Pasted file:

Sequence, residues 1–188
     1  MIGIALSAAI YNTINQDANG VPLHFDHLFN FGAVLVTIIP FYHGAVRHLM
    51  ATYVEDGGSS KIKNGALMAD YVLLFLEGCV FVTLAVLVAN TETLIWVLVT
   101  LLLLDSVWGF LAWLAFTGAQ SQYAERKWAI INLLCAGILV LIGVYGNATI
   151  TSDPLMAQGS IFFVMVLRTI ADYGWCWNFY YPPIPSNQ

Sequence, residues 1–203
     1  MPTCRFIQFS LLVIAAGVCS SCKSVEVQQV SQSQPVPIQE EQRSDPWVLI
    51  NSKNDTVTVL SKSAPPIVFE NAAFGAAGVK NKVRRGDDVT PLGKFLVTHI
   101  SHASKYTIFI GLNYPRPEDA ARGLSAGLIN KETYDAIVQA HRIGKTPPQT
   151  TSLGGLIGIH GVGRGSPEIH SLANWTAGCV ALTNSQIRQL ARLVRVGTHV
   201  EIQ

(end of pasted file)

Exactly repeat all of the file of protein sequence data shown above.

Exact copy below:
Sequence, residues 1–188
     1  MIGIALSAAI YNTINQDANG VPLHFDHLFN FGAVLVTIIP FYHGAVRHLM
    51  ATYVEDGGSS KIKNGALMAD YVLLFLEGCV FVTLAVLVAN TETLIWVLVT
   101  LLLLDSVWGF LAWLAFTGAQ SQYAERKWAI INLLCAGILV LIGVYGNATI
   151  TSDPLMAQGS IFFVMVLRTI ADYGWCWNFY YPPIPSNQ

Sequence, residues 1–203
     1  MPTCRFIQFS LLVIAAGVCS SCKSVEVQQV SQSQPVPIQE EQRSDPWVLI
    51  NSKNDTVTVL SKSAPPIVFE NAAFGAAGVK NKVRRGDDVT PLGKFLVTHI
   101  SHASKYTIFI GLNYPRPEDA ARGLSAGLIN KETYDAIVQA HRIGKTPPQT
   151  TSLGGLIGIH GVGRGSPEIH SLANWTAGCV ALTNSQIRQL ARLVRVGTHV
   201  EIQ